We’ve given U.S. Magistrate Judge Arthur Boylan a hard time lately for his decision to go on vacation during one of the most critical junctures of the labor talks.
And we’re not the only ones perplexed by Boylan’s decision to bail. “If he wants a seat at the ‘big boys’ table, he could change or skip his vacation,” one team executive said. “To be known as the ‘man who saved football’ would be a nice swap.”
But in the hopes of being fair to Judge Boylan (and of not being audited in the near future), there’s another side to this story. The NFL and the players have known for weeks about Judge Boylan’s vacation plans. And yet they continued to spend only two days per week in face-to-face meetings. When by all appearances a marathon session over Fourth of July weekend could have possibly resulted in an agreement in principle, it’s hard for the NFL or the players to credibly complain about Judge Boylan refusing to sacrifice his well-documented vacation plans.
Also, it could be that Judge Boylan, like the rest of us, is sick of the constant chorus of “we’re close, we’re close” coming from the talks. Maybe he finally realized that they’re going to string this out until the last possible point at which the preseason can be saved, and that he concluded that point won’t come at any point before July 19.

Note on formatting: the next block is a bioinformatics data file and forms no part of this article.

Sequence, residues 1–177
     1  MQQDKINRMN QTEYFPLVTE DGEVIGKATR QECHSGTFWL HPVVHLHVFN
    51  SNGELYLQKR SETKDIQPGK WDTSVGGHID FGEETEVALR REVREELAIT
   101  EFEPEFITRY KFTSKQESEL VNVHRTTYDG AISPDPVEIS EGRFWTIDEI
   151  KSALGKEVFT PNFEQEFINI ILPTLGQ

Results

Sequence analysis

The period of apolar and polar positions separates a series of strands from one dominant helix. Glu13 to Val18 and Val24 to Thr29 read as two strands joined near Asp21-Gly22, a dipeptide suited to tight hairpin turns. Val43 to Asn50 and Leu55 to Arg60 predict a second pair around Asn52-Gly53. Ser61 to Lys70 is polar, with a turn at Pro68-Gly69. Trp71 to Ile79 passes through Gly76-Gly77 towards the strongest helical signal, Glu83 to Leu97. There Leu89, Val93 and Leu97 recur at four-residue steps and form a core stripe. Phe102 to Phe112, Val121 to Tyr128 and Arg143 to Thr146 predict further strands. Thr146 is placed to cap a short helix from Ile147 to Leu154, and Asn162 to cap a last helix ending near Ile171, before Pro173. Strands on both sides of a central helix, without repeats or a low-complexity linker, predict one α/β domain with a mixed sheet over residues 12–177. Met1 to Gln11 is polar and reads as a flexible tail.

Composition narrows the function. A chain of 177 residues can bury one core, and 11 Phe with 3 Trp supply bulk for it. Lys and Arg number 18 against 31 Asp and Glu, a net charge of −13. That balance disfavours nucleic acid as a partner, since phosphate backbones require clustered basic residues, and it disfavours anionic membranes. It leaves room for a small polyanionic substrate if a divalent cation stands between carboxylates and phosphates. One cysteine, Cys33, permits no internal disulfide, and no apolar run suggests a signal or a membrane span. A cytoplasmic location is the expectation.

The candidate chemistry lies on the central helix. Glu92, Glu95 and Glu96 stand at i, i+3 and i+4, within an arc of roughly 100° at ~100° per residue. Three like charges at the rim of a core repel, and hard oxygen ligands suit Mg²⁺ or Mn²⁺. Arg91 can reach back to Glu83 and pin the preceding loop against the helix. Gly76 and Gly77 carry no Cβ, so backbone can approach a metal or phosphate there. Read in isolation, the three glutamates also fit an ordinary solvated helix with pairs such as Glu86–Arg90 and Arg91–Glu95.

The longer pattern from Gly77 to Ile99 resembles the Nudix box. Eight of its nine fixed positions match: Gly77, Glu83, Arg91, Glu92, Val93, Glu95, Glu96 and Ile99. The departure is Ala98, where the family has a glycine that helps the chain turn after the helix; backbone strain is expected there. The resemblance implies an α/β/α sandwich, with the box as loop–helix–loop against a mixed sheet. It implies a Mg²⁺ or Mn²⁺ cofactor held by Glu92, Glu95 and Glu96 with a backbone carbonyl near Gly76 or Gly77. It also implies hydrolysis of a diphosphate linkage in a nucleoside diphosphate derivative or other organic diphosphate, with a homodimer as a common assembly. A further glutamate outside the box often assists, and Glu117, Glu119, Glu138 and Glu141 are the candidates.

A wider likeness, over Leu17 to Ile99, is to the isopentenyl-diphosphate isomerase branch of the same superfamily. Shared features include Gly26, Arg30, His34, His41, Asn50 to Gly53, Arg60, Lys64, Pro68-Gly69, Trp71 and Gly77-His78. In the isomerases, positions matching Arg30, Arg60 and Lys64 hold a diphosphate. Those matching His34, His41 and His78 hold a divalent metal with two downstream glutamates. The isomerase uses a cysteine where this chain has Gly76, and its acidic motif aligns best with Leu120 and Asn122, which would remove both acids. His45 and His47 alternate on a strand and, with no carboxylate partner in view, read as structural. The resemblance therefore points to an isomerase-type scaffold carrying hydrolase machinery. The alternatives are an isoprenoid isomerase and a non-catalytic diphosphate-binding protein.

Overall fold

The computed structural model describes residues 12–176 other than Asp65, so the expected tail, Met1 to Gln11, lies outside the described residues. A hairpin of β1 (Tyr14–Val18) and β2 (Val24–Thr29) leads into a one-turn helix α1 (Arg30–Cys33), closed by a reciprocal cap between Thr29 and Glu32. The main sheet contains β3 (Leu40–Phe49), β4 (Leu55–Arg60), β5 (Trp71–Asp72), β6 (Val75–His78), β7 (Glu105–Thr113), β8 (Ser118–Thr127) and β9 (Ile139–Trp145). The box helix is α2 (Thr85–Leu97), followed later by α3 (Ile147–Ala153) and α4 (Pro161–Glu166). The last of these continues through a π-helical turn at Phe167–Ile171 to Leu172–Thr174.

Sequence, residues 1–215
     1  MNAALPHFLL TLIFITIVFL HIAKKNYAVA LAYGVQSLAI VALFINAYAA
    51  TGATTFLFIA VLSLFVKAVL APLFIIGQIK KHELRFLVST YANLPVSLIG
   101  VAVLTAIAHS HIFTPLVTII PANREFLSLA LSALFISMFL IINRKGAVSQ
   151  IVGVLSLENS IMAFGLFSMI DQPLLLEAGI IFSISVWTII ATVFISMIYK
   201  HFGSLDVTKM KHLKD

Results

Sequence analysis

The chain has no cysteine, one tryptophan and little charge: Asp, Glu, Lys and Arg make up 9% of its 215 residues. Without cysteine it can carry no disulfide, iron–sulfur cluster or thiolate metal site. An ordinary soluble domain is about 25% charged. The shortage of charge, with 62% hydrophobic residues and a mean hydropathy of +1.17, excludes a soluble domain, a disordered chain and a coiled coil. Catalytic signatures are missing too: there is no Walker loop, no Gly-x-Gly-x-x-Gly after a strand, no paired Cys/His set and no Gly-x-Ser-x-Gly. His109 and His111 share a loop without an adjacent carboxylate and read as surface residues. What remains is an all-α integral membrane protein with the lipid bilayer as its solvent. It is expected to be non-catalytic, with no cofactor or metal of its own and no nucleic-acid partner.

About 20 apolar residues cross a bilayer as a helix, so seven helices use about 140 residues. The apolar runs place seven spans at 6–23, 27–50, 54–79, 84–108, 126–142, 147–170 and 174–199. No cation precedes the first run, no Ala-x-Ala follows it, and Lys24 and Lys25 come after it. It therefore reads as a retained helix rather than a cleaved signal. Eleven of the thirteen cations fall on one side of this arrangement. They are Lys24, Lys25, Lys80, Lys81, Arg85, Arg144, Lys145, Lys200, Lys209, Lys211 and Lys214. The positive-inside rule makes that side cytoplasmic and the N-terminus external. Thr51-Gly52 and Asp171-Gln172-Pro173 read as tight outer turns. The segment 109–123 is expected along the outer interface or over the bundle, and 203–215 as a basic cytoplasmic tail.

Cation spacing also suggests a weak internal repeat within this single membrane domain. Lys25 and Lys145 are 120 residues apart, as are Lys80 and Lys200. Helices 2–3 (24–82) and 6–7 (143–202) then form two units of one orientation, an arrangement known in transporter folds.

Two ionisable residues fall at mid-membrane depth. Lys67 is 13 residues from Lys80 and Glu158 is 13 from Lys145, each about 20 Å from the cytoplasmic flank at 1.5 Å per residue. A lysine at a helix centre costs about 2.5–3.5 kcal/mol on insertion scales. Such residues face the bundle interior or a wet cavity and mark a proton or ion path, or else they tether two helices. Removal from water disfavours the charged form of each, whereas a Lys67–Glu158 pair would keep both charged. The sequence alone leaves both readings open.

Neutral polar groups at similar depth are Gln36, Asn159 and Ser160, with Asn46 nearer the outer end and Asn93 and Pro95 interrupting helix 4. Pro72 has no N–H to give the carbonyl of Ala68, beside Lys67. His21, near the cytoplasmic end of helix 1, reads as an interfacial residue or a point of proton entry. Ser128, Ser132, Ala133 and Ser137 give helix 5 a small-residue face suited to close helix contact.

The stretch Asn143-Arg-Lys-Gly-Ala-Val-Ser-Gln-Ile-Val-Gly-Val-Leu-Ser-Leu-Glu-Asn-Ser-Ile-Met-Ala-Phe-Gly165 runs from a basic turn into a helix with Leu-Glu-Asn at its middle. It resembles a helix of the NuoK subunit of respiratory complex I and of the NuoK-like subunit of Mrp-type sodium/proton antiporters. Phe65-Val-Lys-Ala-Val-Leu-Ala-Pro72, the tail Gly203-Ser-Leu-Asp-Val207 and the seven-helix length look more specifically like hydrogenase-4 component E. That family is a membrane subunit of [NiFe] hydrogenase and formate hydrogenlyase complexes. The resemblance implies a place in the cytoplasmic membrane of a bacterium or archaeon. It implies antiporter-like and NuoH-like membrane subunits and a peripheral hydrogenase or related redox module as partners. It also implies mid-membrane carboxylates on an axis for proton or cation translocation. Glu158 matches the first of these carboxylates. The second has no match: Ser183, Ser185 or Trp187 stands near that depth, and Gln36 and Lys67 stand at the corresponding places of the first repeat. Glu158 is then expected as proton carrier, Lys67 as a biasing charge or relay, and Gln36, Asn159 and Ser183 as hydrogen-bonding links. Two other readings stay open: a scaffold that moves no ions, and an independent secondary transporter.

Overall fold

Also, let’s not forget what Judge Boylan has accomplished. After he was appointed to mediate, the buzz in the Minnesota legal community was that Judge Boylan could get it done. After some on the league’s side of the table sneered at Judge Boylan’s inexperience in such complex matters, he rolled up his sleeves and figured out the issues. After the talks had stalled, he took Commissioner Roger Goodell and NFLPA* executive director DeMaurice Smith to lunch, helping the two men forge the kind of relationship that is critical not just to a short-term deal but also to long-term labor peace. After the talks nearly imploded on June 30, Judge Boylan clunked the two sides’ heads together like Moe on Larry and Curly, giving the process the kick in the ass it so desperately needed.
It was Judge Boylan who wanted to keep working after midnight in Minnesota on July 1. It was Judge Boylan who wanted to spend the three-day weekend finishing the job. Thus, when considering the totality of the situation, it looks like Judge Boylan has personally done more to get this thing done than anyone else.
At this point, the lowest-paid guy in the room fully deserves a break. And if the NFL and the players can’t find a way to communicate over the next week without the mediator/chaperon present, they fully deserve what they’ll eventually get.